We all know the story. In a panic to find a spectacle that could provide a bit of magic and a higher ticket price for the cinema, the studios turned again to 3D. Thanks to technological advances and a long vacation from the third dimension, it all seemed fresh and new again (even if the bulk of it was put together with rushed post-conversion). Whether you believe it’s just a fad that’s on the way out or believe it to be grand revolution of the art, time is the only one who has the final word on it, but for now the truth (like in all things) probably lies somewhere between those two extremes.
And it’s a lack of extremes that make Steven Spielberg and Martin Scorsese the wisest public speakers on the subject. Here’s Spielberg at Comic-Con last year:
“I’m certainly hoping that 3D gets to the point where people do not notice it, because once they stop noticing it it just becomes another tool and an aid to help tell a story. Then maybe they can make the ticket prices comparable to a 2D movie and not charge such exorbitant prices just to gain entry into a 3D one, with the exception of IMAX, where we are getting a premium experience in a premium environment, but to show a 3D movie in a similar theater in a multiplex next to another similar theater showing a 2D movie. I’m hoping someday there will be so many 3D movies that the point of purchase prices can come down, which I think would be fair to the consumer. Not every movie, in my opinion, should be in 3D. There’s a lot of stories I wouldn’t shoot in 3D. But, you know, there are movies that are perfect in 3D.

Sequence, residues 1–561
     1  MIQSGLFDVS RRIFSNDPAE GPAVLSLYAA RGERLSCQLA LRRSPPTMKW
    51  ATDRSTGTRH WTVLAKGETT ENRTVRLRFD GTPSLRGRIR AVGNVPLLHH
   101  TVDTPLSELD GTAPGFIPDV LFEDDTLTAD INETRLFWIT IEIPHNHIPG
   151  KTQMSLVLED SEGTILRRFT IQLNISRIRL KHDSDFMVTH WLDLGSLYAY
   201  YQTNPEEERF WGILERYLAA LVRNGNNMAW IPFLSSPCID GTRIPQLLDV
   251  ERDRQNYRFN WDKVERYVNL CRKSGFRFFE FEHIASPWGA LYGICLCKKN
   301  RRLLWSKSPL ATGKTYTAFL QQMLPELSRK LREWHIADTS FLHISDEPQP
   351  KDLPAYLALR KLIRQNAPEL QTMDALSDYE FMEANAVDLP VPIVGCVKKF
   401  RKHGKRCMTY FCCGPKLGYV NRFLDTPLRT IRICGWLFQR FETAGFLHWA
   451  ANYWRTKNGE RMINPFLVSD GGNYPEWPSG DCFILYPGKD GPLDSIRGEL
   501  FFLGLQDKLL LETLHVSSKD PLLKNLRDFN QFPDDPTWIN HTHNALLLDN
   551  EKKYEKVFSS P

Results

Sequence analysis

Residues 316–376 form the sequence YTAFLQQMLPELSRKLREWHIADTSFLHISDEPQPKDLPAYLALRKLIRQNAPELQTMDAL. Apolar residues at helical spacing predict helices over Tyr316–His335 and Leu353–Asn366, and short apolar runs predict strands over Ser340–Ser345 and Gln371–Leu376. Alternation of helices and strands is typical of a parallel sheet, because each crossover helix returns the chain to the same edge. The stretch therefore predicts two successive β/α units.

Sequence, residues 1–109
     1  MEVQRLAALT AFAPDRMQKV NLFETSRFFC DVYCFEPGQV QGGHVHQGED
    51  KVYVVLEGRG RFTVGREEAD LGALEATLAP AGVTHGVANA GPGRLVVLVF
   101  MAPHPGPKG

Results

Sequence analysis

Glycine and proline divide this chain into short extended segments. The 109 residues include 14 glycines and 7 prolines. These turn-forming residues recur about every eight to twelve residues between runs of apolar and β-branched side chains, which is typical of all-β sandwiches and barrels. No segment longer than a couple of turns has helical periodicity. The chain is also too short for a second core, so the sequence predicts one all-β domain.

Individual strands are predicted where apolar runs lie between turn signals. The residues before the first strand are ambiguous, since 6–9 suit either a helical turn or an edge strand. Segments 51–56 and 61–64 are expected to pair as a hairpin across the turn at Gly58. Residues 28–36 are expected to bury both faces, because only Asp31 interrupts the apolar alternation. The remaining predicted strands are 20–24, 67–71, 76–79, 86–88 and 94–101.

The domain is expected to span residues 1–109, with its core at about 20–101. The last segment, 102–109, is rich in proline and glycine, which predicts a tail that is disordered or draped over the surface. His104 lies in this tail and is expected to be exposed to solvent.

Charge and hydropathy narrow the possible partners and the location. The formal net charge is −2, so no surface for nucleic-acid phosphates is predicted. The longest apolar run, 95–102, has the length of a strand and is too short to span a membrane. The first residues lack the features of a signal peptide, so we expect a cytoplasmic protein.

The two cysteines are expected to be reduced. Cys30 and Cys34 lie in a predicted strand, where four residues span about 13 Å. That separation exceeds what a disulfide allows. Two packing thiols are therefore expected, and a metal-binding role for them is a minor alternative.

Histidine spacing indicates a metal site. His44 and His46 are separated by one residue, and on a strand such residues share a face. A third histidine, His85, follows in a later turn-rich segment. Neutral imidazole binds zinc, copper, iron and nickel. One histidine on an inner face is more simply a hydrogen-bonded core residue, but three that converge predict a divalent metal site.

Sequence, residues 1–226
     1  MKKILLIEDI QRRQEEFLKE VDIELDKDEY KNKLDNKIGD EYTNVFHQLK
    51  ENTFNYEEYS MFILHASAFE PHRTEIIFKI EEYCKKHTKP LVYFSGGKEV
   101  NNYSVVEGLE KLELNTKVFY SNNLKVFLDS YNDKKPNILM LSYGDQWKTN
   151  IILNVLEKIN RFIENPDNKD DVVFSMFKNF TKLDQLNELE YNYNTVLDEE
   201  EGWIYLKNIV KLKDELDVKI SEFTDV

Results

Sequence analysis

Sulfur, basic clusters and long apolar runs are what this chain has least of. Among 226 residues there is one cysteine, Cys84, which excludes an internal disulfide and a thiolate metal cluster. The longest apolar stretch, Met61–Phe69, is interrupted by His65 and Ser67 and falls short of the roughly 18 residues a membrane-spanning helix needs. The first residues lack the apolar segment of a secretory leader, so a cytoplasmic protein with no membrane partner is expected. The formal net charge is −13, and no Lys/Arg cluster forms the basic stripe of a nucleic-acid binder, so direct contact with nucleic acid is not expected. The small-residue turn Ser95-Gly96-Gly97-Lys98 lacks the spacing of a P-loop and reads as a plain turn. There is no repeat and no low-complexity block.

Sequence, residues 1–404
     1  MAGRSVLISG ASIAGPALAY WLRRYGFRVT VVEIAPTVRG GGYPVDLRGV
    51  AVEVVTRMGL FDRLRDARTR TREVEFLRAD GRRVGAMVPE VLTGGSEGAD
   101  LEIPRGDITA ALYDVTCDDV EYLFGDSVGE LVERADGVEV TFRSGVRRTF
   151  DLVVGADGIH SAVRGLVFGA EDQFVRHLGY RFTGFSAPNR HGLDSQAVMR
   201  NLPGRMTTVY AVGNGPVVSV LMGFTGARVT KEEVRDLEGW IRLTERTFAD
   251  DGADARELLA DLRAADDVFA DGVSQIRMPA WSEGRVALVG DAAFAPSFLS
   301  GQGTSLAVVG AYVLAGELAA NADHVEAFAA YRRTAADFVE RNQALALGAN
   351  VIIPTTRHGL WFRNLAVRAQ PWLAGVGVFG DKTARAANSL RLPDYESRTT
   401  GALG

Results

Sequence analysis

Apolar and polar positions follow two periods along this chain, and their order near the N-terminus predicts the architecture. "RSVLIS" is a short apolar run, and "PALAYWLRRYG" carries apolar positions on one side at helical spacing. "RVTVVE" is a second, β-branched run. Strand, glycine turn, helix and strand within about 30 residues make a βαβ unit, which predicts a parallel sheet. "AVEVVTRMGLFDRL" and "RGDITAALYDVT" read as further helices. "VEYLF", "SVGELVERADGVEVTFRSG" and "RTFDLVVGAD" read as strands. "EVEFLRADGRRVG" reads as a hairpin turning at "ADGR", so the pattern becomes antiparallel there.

And here is Scorsese’s recent response (via Variety):
“I agree with Steven. I had always been interested in 3D, and I thought it made sense for Hugo. Generally, whenever there’s a new technological development, there’s a corresponding sense of excitement. The same thing happened with the introduction of three-strip Technicolor and CinemaScope and Dolby. And then everyone remembers it’s only a means, not an end. Real 3D is beautiful, but it’s just one choice, one tool among many, and you only want to use it if it’s the right tool.”
These are two masters of the art form who both proved last year that they could elevate the usage of 3D. The key here is that the tech can’t be viewed as a savior for the industry, which is how it was re-introduced. It has to be seen as a tool, and since you wouldn’t cut a board in half with a tire iron, you shouldn’t slam 3D into a film where it can’t be of any use.
Story has to come first, and if 3D can be used to enhance that experience, to provide a sense of wonder alongside vibrant characters, to bring something already engaging into greater focus – then it can be something truly powerful.
However, as it stands, a bad movie in 3D isn’t just a bad movie – it’s one you paid more for. Spielberg and Scorsese shouldn’t just be celebrated for their stellar use of an updated tool, they should be commended for speaking so levelheadedly about it.
Here’s to comparable ticket prices and craftsmen who know how to use their tools.